Rushkoff: "Put Down the Botox and Join Real Life"
Douglas Rushkoff gets his rant on at the 2013 Digitas Newfront (Photo courtesy of Digitas)
You wouldn't expect a respected author and counterculture figure like Douglas Rushkoff to be a fan of The Real Housewives of Orange County. Well, he isn't. But he says watching the reality show did serve as the inspiration that triggered his newest book, Present Shock: When Everything Happens Now, an examination of the human response to living in a “real-time and always-on perpetually connected world.”
“I'm a media theorist, so when I watch a show like The Real Housewives of Orange County, I'm watching to try and figure out why there are so many communication breakdowns between these women,” Rushkoff said at the Digitas Newfront event. “It's a show about women who go and have meals together and get into fights.”
But then it hit him—Botox. “These women put so much Botox, so much plastic into their faces they can't make facial expressions anymore that are appropriate to the moment they're in,” he said. In attempting to freeze their faces at age 29, they've surrendered their ability to fully exist in the present.
“When you look around at the business landscape, at culture, at our personal lives, you see the same thing happening in many forms,” Rushkoff said.
And therein lies the rub for brands. We're living in a world where people actually suffer from phantom cell phone vibration syndrome. We're ceaselessly connected, which means gone are the days of telling a single story or disseminating a single message.
“It's something most businesses, and agencies in particular, try to do—to lock down some sort of historical moment of brand mythology rather than embrace the actual present and what it is to live in a real-time universe,” Rushkoff said.
Let's say you sell food, more specifically oats. Back in the day you'd have a stall in the local market. People would mosey on over to you for a chat. You'd discuss the price of oats in general. Your prospect might pick up some oats out of your oat bag and let them pour through his or her fingers to test their quality. Then an oat purchase would be made based on a human relationship. That's true one-to-one marketing.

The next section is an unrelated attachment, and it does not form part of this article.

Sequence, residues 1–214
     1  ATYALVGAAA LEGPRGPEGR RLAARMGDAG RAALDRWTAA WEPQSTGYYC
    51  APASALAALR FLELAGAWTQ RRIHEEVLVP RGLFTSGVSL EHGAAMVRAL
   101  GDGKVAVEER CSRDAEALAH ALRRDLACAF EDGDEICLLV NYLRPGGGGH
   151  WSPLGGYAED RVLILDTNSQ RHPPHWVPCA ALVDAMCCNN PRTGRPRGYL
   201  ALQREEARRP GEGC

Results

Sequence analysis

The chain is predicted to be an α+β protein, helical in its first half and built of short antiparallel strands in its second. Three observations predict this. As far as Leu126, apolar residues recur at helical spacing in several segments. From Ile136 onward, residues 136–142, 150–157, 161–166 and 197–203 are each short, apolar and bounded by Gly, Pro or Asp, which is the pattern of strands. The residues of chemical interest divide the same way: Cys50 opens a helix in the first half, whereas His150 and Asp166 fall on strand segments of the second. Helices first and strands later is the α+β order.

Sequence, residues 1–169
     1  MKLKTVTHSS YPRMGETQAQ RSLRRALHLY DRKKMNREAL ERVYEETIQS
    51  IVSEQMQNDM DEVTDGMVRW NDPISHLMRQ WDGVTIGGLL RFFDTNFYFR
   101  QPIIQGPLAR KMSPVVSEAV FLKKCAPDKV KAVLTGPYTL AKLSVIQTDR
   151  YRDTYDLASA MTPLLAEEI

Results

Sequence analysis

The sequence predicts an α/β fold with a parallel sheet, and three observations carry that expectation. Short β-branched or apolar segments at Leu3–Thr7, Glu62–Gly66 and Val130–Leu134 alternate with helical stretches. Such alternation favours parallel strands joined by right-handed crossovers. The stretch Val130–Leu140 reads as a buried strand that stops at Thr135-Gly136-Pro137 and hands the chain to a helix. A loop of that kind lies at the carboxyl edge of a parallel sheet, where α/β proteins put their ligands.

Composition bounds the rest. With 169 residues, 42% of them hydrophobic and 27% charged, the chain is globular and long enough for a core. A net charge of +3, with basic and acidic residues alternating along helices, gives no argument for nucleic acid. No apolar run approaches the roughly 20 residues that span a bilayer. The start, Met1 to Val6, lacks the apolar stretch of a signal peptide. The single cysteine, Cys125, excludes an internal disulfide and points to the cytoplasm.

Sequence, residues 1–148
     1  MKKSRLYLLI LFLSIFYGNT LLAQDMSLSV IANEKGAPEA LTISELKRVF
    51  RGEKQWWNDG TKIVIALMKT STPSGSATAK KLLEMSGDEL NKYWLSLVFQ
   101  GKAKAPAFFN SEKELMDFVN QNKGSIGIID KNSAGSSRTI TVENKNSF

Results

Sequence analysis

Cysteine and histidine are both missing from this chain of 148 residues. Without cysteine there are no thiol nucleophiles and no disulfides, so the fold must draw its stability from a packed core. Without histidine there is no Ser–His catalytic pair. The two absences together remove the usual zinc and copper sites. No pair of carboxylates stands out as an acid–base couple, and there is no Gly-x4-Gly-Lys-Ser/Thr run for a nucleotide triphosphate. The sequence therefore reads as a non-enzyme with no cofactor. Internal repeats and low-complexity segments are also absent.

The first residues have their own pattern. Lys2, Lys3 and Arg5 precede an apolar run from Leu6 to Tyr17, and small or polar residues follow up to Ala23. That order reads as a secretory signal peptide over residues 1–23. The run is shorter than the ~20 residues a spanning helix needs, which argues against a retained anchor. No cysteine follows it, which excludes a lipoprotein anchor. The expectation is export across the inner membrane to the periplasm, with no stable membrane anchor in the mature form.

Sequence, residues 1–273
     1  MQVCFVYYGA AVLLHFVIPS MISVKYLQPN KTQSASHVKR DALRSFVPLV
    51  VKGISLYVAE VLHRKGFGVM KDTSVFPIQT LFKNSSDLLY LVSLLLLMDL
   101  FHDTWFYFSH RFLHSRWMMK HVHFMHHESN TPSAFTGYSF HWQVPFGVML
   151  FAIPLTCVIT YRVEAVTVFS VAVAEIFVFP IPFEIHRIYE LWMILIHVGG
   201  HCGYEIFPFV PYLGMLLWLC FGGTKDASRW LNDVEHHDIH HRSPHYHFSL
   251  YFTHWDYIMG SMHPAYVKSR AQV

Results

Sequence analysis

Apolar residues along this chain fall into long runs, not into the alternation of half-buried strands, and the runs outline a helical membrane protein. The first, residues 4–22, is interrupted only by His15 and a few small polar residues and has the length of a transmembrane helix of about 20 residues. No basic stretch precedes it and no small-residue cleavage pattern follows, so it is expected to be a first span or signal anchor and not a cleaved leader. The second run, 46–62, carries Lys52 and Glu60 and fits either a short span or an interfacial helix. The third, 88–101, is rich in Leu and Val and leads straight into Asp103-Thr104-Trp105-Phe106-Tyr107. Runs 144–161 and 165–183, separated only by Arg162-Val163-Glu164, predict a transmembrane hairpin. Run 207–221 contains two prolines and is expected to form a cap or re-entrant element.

Today, people buy their oats in plain brown boxes. “But [we] don't have a relationship with a plain brown box, so you put a Quaker on it,” Rushkoff said. “Then you develop mass media so I have a persistent relationship with the Quaker on the box.”
But slapping a Quaker on a box isn't enough anymore. Not in what Rushkoff dubs the “peer-to-peer reality.”
“The only choice is for the company to become the story,” he said. “You can't say, ‘These are great cookies because they're made by elves in a hollow tree'—that's not a real-time story for a peer-to-peer communicated universe.”
It might sound scary,but it's a sheep in wolf's clothing for marketers; an opportunity in disguise.
“Your job is to help the company actually do things worth talking about that comprise a real-time nonfiction story capable of surviving in a peer-to-peer universe,” Rushkoff told the audience. “That's the opportunity in the digital era.”
Messaging isn't linear; it's alive.
A jeans brand used to be able to say, “Buy these jeans now and you'll get laid later,” Rushkoff said. “But what if I'm getting laid now? Then what do I need your jeans for?”
Not that Rushkoff is a true believer in the always-connected/always-on society. In February he quit Facebook because he felt the social network was exploiting him for data, noting that “the true end users of Facebook are the marketers who want to reach and influence us.”
Cynicism aside, Rushkoff left the assembled Newfront crowd of agency folk with a final appeal: “I'm imploring you,” he said. “Put down the Botox and join real life.”